Hillary Clinton Beats Trump in Popular Vote, But it Doesn’t Matter
- Much of the world knew a few hours after voting concluded that Donald Trump will be the 45th president of the United States, based on the tally of electoral college votes—at least 270 are required to win. But as of Wednesday morning, Hillary Clinton was still leading in the popular vote, by a margin of 135,495. Clinton had 59,186,057 votes, while Trump had garnered 59,049,470.
- While confusing—and frustrating—to many, it’s not the first time in history that election results reflect such a discrepancy. In the 2000 election, Al Gore won the popular vote but lost the presidency to George Bush, who won five more votes from the electoral college. In addition to Bush, only three other former candidates in U.S. history have lost the popular vote but won the presidency: Benjamin Harrison in 1888, Rutherford B. Hayes in 1876 and John Quincy Adams in 1824.
More from the Independent:
Hillary Clinton has won more votes than Donald Trump, but there is no chance that she will become the new president.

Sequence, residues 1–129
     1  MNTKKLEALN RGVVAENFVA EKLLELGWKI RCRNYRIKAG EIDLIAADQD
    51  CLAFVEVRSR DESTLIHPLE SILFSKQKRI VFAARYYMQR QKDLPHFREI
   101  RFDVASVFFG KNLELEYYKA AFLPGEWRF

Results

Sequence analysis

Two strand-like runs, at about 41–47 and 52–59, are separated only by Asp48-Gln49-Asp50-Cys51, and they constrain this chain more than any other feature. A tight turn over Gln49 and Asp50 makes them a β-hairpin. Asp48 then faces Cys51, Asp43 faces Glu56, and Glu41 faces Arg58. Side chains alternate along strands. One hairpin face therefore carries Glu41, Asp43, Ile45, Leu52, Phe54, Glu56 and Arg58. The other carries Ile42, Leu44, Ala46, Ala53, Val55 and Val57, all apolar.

The Democratic candidate looks almost certain to win the popular vote, with the final ballots left to be counted. The margin is small – with only 0.2 percentage points between the two candidates – but Ms Clinton is winning and looks set to continue to do so.
On the morning after election night, Ms Clinton had collected 59.4 million votes, giving her a 47.7 per cent share, while Mr Trump had 59.2 million votes and a 47.5 per cent share. That was with around 92 per cent of the vote counted, with many of the remaining votes to be totted up from pro-Clinton states like Colorado.
But because of the way that the electoral college works, Donald Trump is set to win a comfortable victory in the election. That is because Ms Clinton was very close in many of the most influential states, like Florida and Texas, and won some small states such as Vermont very comfortably.
This graphic from the New York Times charts it out: